When he’s not playing punk rock, Holland — who earned a PhD in molecular biology from USC five years ago — the frontman has devoted himself to HIV research. Addressing his fellow graduates in the speech, Holland praised them for their commitment to science while offering some backstory on how art and science have coexisted in his life.
“My story has had both a musical side and a scientific side,” Holland said in the speech. “I had these two great loves, how would I decide? Well as foolish as it sounds I decided to pursue both. I believe that there’s an intersection between art and science. And that even in our scientific field we draw upon our creativity.”
In fact, The Offspring’s iconic song “Come Out and Play” was inspired by Holland’s lab work at USC many years ago. “You gotta keep ’em separated”: as in, when cooling down Erlenmeyer flasks, you gotta keep ’em apart.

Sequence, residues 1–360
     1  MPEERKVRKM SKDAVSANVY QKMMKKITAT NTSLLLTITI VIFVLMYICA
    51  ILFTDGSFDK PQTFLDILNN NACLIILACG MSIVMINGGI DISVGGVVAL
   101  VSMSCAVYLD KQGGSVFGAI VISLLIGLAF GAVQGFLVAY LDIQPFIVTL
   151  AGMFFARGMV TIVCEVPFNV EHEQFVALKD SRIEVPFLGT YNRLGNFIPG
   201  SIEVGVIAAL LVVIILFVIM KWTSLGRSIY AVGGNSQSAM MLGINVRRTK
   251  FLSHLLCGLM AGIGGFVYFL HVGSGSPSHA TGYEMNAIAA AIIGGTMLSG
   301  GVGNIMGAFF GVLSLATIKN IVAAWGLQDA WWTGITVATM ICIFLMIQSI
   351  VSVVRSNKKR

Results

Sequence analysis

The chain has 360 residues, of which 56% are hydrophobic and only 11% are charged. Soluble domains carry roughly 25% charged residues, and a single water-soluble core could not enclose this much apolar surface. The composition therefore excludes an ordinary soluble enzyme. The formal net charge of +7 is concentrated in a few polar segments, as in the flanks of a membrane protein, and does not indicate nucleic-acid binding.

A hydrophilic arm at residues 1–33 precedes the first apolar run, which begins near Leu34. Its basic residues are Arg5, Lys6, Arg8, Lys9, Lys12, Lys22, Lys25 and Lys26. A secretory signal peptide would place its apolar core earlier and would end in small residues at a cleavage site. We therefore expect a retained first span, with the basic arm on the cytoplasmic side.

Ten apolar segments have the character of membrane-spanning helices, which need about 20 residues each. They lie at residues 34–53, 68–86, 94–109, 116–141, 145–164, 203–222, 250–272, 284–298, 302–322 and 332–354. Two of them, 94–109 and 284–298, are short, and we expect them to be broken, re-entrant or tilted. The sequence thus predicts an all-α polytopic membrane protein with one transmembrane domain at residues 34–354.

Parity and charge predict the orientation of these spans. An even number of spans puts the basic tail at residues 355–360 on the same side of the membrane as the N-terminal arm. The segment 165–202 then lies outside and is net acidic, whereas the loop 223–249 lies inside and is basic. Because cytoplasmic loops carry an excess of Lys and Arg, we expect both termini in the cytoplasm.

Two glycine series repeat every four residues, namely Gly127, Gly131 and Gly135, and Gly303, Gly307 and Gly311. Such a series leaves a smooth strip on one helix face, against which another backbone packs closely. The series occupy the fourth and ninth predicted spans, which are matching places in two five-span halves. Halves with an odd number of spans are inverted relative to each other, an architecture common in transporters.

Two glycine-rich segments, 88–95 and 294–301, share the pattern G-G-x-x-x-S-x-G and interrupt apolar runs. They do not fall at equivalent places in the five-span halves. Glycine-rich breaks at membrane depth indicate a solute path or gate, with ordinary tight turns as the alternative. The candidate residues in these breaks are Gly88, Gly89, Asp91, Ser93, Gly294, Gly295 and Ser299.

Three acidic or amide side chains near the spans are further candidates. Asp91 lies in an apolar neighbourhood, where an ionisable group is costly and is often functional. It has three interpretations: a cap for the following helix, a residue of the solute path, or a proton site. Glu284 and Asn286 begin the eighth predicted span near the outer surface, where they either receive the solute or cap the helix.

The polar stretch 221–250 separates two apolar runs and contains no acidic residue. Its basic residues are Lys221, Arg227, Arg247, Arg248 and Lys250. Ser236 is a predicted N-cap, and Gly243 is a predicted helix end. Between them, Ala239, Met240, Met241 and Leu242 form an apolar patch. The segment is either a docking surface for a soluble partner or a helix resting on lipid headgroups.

“I’m hoping that USC doesn’t come after me for ownership of that song,” he remarked in a separate interview with VICE, noting that USC can technically claim rights to graduate students’ intellectual property.
Returning to the speech, Holland explained that his medical path wasn’t linear, as he paused his academic studies for rock stardom. But eventually he came back to finish what he started. The singer also celebrated the studiousness of the graduating class for having to navigate their own inherently non-linear path, set in motion by the COVID-19 pandemic.
“You did it, and no other class ever had to do that,” Holland said. “And you did it at a time when many people have lost their faith in science, and trust in the scientific community as a whole has been challenged.”
He added, “Your perseverance is what has brought you here today… It’s not the end of your learning, but a marker of the sacrifice and commitment to the continued pursuit of the truth. Today we will celebrate what generations will remember as the class that did the impossible.”
Below you can view Dexter Holland’s commencement speech, which begins at the 42-minute mark.